A Finnish fellow theatre critic, Matti Linnavuori, once told me that middle-aged and older Finns have a lovely way of saying “How are you doing?” He gave me a good English translation, which goes like this: “Aren’t you even dead yet?” I simply love it.
The colloquium asks us the same question, because its title,Theatre Critics/Criticism – Disappearance or Transformation?can be paraphrased, I think, like this: “Are theatre critics dying today (or even dead)? Or are they just changing to adapt to the times?” It is a good question, and an old one, but I presume, by the looks of my international colleagues, that we are not even dead yet. The question is just another way of saying, “How are you doing?”
Now, how are we doing in IATC Japan? The diagnosis is not particularly uplifting. We have been issuing a theatre journal called Theatre Arts. It started in 1994 with the intention of giving theatre critics in Japan opportunities to be published. Back in those days, the number of theatre journals was diminishing. One famous theatre monthly called Shingeki, which had been published since 1954, ceased publication in 1992, to the great shock of many Japanese theatre critics. That was certainly one of the greatest motives for us in IATC Japan to start a journal of our own. Now it is a quarterly. I am currently on the editorial board. Our latest issue is the 56th. Like everywhere else, we are having financial problems. IATC Japan is not even a registered non-profit organisation; it is more like a club, with no paid permanent staff, and for that matter, not even a permanent office. As a result, the journal receives absolutely no public financial support whatsoever. All its editorial board members are working on a purely voluntary basis. We depend upon the unpaid labour of our members and general contributors so that we don’t have to pay for articles. Our journal is living off the subscription fees from our members and general readers. It also receives publicity from theatres, and festivals (mostly public ones), and, occasionally, from publishers. It is not dead yet, but it is in a precarious position.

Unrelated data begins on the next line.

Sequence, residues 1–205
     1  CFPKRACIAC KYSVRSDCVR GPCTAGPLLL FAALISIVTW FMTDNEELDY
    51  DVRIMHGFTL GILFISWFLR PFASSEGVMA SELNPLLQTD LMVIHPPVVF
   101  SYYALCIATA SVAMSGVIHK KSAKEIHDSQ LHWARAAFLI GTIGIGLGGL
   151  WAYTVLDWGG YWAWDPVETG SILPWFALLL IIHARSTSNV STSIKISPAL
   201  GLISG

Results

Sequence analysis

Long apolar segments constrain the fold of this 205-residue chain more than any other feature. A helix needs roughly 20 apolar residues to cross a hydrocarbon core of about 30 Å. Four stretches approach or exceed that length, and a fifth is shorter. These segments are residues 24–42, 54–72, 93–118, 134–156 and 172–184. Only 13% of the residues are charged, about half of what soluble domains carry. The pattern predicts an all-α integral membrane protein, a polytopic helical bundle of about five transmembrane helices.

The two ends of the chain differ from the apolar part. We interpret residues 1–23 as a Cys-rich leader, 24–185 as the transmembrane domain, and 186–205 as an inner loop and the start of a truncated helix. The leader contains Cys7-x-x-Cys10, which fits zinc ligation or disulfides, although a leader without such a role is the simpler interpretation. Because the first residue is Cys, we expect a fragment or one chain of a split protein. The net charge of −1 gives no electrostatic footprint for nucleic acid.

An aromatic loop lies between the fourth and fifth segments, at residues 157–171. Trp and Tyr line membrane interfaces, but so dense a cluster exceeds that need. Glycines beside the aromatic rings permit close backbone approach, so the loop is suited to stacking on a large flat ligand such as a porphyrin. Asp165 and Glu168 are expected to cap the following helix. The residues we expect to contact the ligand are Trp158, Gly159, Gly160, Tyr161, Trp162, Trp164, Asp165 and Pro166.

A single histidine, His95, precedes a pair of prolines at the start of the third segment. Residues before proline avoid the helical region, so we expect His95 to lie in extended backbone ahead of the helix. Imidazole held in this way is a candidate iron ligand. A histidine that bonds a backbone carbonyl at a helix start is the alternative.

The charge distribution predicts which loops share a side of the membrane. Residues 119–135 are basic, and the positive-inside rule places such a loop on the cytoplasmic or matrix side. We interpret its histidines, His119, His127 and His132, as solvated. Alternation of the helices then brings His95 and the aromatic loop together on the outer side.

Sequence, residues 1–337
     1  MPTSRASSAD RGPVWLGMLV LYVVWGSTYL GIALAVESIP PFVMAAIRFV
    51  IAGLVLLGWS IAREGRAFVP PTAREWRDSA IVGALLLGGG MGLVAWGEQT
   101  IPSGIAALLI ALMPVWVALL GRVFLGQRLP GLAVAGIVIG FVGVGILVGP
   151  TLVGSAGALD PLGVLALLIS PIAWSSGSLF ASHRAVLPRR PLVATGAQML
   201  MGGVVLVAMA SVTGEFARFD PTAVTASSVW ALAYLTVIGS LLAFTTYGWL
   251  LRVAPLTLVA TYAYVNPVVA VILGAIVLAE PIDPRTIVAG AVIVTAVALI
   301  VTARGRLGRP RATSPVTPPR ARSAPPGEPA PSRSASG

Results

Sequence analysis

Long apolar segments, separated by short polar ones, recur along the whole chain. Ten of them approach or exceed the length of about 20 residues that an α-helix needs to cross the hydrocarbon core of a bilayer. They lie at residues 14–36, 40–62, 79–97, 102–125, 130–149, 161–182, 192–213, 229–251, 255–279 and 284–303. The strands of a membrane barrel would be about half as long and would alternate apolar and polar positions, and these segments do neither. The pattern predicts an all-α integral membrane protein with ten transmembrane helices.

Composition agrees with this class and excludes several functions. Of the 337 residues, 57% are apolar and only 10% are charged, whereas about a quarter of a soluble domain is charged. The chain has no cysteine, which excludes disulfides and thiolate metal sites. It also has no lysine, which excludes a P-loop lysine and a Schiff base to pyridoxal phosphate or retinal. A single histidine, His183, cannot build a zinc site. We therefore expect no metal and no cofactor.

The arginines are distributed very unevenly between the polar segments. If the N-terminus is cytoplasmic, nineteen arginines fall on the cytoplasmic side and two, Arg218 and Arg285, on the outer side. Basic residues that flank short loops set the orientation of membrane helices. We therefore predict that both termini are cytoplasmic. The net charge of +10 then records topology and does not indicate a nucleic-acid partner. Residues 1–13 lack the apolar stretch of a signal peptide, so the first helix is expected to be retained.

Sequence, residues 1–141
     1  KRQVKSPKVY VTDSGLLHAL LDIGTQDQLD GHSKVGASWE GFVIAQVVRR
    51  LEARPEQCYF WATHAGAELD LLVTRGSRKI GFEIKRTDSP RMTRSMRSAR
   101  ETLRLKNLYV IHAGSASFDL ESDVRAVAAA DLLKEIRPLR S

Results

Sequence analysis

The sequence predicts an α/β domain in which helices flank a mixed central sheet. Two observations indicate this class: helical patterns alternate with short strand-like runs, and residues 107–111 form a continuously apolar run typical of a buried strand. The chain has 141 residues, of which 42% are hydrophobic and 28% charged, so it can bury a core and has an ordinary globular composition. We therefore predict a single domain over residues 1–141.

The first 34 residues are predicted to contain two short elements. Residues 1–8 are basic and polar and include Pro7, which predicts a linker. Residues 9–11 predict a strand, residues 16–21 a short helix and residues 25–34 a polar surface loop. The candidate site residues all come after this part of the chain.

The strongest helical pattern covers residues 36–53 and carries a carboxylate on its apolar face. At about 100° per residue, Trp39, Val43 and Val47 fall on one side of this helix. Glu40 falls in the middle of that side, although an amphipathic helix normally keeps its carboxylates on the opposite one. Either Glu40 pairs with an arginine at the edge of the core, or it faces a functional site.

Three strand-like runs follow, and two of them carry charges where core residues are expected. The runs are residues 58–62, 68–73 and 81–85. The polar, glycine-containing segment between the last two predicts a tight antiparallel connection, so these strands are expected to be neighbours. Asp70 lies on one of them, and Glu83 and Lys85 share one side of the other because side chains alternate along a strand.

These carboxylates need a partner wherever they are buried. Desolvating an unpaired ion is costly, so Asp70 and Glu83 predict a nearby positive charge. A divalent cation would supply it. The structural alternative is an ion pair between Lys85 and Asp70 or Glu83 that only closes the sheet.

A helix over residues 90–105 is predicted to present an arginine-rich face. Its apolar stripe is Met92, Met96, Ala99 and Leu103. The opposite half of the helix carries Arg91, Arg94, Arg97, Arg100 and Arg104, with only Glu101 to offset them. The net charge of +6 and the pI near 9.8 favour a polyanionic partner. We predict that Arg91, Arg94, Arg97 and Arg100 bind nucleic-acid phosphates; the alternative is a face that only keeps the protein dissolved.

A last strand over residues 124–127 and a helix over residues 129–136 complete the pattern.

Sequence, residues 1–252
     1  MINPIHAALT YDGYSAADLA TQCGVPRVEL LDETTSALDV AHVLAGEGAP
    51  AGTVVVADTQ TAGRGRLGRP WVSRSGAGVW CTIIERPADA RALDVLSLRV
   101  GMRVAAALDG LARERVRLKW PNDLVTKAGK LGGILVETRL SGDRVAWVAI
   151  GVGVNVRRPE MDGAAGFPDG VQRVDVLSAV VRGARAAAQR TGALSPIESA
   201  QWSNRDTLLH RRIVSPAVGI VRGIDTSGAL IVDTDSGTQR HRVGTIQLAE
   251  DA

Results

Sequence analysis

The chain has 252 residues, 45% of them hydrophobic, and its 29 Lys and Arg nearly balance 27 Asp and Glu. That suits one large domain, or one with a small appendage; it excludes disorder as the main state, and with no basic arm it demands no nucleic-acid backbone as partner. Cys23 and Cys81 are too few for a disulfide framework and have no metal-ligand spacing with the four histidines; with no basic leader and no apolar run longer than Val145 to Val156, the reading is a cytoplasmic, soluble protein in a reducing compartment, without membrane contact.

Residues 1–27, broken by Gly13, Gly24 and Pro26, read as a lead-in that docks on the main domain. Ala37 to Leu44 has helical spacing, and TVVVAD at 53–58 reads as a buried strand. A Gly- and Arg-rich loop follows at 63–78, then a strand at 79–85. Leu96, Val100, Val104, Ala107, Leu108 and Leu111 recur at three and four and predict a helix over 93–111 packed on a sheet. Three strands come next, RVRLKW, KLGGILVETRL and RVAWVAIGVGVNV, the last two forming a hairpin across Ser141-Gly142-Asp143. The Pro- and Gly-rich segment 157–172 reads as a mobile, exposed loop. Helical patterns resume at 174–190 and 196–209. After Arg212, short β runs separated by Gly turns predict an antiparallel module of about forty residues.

What we have been doing to adapt to the harsh times is nothing radical. We have been quite active in our efforts to expand our subscription among general readers. We publish new plays, which we hope will sell at theatres when they are performed. We give talks and moderate post-performance discussion sessions. We have tried to get more advertisements, and for that purpose we are thinking of publishing articles about future shows which can enlighten our readers before they buy tickets; we will see to it, of course, that this won’t compromise our editorial independence. We hold monthly critical seminars for general theatregoers who wish to discuss the plays they have seen with others and improve the way they articulate their viewing experiences. Also, we have been searching for a new publisher who would be more enthusiastic – and more financially helpful and understanding – about expanding the readership of our journal.
What is the purpose of all of this? We are not a bunch of judgmental megalomaniacs who like to behave as if we could make or break any show we see. I wouldn’t call the nature of our trade parasitical, but the fact remains that without theatre productions there will be no theatre criticism. One of our modest goals is to provide the right cultural contexts, cultural backgrounds, and critical perspective(s), so that we can enrich the viewing experience of general theatregoers. We want our readers to feel that they can claim a share in the ownership of the shows they have seen or will see in their own lives. If there is anything judgmental in the things we write and say, it should be an integral part of the dialogue we try to hold with our readers and theatre-makers, so that we can all say that we have our own share in the production.
Perhaps more importantly, we don’t want our readers to measure the performances simply in terms of whether they were worth their money and time, although theatre tickets can be very expensive in Tokyo, and people are always busy. Rather, we want them to question the very idea of cultural ownership. We want audience members to simultaneously feel they have a share in the production, whilst also remaining open to cultural experiences which give them an opportunity to experience something unfamiliar to them. In theatre, we can hold a dialogue with foreigners, and with fellow country people whom we have never met. We can even communicate with dead people, because in our imagined community of theatre, they are not even dead yet.